We welcome the recent announcement that South Africa has struck a deal to access concessional financing of $8.5bn over the next five years from US, UK, France, Germany and the EU.
Nevertheless, we see this as only the first step, given South Africa will need significantly more financing to fully close its coal plants and transition to clean energy. In fact, Eskom’s CEO has publicly stated recently that closing coal plants and switching to renewables would cost $30-35bn over 15 years .
South Africa is the world’s 12th biggest emitter of carbon dioxide and is the sixth largest in terms of installed coal capacity. It has 42 GW of coal capacity and around 85% of electricity is derived from coal power. Eskom, the heavily indebted state monopoly power utility, announced in August the planned retirement of up to 30% of its coal fleet (12 GW) by 2031.
We leverage the data from our proprietary global coal power economics model (GCPEM), which contains detailed country coal modelling at the boiler-level, to determine a coal phase out pathway for South Africa. Our analysis shows that under a Beyond Two Degrees Scenario (B2DS) South Africa will need to shutter 30 GW of coal capacity by 2030, with much of the remaining capacity (10 GW) needing to be decommissioned by 2035. By 2040, all coal plants in South Africa would need to be closed according to our research.
Figure 1 Coal phase out pathway for South Africa under B2DS
Source: Carbon Tracker Analysis
As our analysis highlights, Eskom’s current medium-term plan falls well short of the capacity needed to be closed under B2DS, which would limit temperature rises to close to 1.5°C. This is compounded by the fact that Eskom continues to build new coal plants. According to Global Energy Monitor, South Africa has over 3 GW of new coal plants under construction and a further 1.8 GW in the pre-permit phase. As the IEA has highlighted, no new coal plants are needed if we are to keep temperatures to within 1.5°C warming. Moreover, our analysis shows that Eskom is at risk of $5.3bn of stranding of its existing coal power assets.
Many of Eskom’s coal plants are old – we estimate the average age to be 41 years – and unreliable, meaning consumers are regularly confronted with rolling blackouts. Furthermore, we estimate almost 90% of the power plants in operation use sub-critical boiler technology, which renders them less efficient and more polluting than newer plants which utilise supercritical or ultra-supercritical technology. Indeed, connected to this issue, the CEO of Eskom stated in March that it would cost more than R300bn (almost $20bn) to retrofit its coal fleet to comply with current emissions standards. The rejection by South Africa’s environment department to delay compliance with emission limits could see 16 GW of Eskom’s coal capacity close immediately.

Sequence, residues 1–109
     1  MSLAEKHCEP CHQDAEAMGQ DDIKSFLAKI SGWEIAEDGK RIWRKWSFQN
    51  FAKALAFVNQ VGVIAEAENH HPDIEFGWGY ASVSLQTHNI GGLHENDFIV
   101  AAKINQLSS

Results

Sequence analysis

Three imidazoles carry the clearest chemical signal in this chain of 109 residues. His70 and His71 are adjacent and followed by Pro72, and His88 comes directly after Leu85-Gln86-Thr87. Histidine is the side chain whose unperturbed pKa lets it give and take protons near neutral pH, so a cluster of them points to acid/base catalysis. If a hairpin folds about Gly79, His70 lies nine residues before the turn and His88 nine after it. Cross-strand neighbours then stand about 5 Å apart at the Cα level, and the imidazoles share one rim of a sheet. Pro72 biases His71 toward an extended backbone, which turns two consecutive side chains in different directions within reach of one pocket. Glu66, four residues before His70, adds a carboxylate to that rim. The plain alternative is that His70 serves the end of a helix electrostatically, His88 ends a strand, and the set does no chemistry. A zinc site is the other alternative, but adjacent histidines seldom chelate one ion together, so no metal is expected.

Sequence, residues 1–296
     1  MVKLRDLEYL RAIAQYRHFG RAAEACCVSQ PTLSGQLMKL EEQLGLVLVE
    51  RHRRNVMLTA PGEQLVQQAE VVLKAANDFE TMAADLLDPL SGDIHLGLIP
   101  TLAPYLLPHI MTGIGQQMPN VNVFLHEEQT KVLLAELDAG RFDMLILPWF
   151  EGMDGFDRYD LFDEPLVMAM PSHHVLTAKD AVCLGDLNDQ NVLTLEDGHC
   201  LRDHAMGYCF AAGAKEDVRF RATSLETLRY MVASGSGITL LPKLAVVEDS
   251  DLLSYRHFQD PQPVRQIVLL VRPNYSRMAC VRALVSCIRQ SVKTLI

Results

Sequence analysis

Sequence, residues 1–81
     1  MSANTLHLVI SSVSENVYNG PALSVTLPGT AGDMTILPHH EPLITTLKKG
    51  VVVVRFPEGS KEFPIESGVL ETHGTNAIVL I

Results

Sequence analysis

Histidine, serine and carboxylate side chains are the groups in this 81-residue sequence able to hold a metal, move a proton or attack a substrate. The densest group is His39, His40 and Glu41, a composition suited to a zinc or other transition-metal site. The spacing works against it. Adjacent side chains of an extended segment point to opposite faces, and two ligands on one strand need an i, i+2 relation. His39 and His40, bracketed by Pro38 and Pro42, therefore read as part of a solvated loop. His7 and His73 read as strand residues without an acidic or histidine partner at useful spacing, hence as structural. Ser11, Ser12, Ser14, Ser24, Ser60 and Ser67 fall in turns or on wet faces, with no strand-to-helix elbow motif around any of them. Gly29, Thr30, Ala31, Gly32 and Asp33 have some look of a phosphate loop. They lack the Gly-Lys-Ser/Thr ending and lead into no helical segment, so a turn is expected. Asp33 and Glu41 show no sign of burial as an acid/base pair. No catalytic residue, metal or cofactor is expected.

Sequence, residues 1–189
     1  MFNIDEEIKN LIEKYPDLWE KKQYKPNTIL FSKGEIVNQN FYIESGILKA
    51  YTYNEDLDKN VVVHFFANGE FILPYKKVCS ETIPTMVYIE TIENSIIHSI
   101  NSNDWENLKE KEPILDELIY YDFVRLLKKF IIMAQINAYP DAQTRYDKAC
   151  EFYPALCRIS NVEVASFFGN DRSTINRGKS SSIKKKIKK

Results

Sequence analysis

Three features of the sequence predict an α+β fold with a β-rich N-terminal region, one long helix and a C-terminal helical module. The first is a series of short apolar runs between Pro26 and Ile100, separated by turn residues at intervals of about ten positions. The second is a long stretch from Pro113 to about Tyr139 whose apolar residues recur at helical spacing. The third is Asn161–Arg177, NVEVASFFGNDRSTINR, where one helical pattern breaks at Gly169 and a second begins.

It makes no financial sense to spend vast sums of money retrofitting a polluting technology, when South Africa has abundant and cheap renewables potential. The economics of building new solar farms is overwhelming, with solar already cheaper than operating existing coal plants.
We calculate the cost of building new solar farms in South Africa in 2022 to be $41/MWh (levelised cost of energy) which is below the cost of operating existing coal plants at $46/MWh (long run marginal cost).
We forecast solar costs to continue to decline reaching $36/MWh by 2025 and to be well below the $55/MWh cost of running existing coal plants at that date. Including battery storage with solar will see renewables outcompete operating coal by 2026 with a cost of $52/MWh.
South Africa and Eskom should be more ambitious in decommissioning the coal fleet and transitioning to solar power The initial financial commitment of $8.5bn is not in itself sufficient to fund all of South Africa’s renewable transition, but it is a major step forward and may lead to additional financing in the future.
Using the new financing to kick start the retirement of old coal plants, in-line with our phase-out analysis, and replacing them with new renewables will enable South Africa to get on track to meet its climate goals, ensure a better financial and environmental outcome for energy consumers and lay the foundations for sustainable job creation. Progress should be closely monitored as success may provide a template to phase out coal and transition to renewables for other coal-dependent countries, such as those in South East Asia.
 We calculate stranding risk for operating coal units as the difference in the net present value of operating profits (annual revenues less long run marginal costs) between a scenario of Business as Usual (BAU) and a Beyond 2 Degree Scenario (B2DS). For a more detailed explanation, please refer to p.31 and the coal methodology in the appendix of our recent Do Not Revive Coal report